In Memory of Our Colleagues
In 2006, a helicopter carrying WWF staff members Dr. Chandra Gurung, Dr. Harka Gurung, Jennifer Headley, Yeshi Choden Lama, Matthew Preece, Dr. Jillian Bowling Schlaepfer and Mingma Sherpa as well as other conservation leaders crashed in Nepal, killing all 23 passengers on board.
In 1961, a limited number of organizations around the world—such as the International Union for the Conservation of Nature and Natural Resources (IUCN) and The Conservation Foundation—were trying to meet conservation needs, but were desperately short of funds.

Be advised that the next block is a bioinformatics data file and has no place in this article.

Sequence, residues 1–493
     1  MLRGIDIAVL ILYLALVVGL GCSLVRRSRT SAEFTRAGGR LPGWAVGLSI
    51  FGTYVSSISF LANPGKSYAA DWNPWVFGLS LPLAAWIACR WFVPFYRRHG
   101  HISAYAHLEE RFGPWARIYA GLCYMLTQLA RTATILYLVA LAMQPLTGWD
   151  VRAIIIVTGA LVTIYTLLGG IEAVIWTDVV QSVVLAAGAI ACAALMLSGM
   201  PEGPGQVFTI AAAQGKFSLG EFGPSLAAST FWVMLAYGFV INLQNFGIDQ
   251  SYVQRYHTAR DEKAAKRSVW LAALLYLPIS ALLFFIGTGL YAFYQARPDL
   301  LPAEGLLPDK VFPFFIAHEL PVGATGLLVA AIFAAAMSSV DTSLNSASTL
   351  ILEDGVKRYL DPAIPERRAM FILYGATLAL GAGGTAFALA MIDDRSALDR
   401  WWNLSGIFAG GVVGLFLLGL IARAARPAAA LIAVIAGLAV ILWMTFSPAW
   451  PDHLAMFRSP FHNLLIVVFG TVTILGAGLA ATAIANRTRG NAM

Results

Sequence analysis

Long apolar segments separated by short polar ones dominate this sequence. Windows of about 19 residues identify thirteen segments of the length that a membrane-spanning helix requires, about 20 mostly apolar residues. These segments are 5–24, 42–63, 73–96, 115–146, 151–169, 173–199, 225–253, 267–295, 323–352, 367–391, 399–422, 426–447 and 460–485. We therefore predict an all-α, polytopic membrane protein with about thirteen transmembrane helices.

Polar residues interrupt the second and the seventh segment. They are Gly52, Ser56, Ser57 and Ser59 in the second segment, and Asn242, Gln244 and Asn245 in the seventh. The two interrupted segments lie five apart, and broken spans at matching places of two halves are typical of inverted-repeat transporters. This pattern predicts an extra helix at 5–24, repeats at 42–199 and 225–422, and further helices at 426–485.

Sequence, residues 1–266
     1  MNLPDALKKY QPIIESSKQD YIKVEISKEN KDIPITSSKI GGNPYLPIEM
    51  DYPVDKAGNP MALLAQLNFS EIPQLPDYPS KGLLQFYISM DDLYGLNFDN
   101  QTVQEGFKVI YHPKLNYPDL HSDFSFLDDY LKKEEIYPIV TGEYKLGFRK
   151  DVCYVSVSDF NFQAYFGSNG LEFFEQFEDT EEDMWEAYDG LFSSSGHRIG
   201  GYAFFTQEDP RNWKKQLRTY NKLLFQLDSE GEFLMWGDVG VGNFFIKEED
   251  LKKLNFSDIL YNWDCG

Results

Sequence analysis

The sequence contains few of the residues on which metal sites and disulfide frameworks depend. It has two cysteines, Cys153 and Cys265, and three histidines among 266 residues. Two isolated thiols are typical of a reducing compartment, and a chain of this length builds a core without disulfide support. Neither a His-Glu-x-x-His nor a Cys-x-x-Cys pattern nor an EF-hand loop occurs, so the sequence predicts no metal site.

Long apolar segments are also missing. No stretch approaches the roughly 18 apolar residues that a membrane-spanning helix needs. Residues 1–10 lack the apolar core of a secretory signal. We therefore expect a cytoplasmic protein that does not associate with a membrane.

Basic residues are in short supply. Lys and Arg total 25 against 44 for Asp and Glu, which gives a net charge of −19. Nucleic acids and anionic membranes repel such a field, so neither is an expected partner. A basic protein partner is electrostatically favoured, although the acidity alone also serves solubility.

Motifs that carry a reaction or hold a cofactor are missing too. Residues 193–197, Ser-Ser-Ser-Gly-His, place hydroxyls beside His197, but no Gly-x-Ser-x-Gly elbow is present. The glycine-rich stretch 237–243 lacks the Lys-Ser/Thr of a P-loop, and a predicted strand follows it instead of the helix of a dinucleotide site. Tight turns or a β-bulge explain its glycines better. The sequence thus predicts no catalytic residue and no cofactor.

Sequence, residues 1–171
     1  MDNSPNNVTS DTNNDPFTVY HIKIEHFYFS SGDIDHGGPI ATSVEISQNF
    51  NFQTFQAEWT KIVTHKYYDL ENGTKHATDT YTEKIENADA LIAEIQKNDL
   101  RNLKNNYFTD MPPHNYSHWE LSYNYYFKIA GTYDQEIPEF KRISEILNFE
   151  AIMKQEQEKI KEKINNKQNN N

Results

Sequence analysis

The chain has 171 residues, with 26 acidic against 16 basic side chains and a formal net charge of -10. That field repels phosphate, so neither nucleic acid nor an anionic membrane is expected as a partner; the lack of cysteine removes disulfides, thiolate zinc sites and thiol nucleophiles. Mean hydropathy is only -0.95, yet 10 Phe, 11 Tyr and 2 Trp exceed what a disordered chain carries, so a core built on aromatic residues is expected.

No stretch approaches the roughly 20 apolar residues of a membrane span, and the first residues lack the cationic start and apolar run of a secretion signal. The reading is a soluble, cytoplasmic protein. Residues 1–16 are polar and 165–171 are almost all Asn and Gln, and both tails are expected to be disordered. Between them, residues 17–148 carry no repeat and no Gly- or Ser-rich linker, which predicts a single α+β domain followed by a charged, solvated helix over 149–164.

The first call for broad support was the Morges Manifesto, signed in 1961 by 16 of the world’s leading conservationists, including biologist and African wildlife enthusiast Sir Julian Huxley, IUCN vice president Sir Peter Scott and director-general of the British Nature Conservancy E. M. Nicholson. The Morges Manifesto stated that while the expertise to protect the world environment existed, the financial support to achieve this protection did not. The decision was made to establish World Wildlife Fund as an international fundraising organization to work in collaboration with existing conservation groups and bring substantial financial support to the conservation movement on a worldwide scale.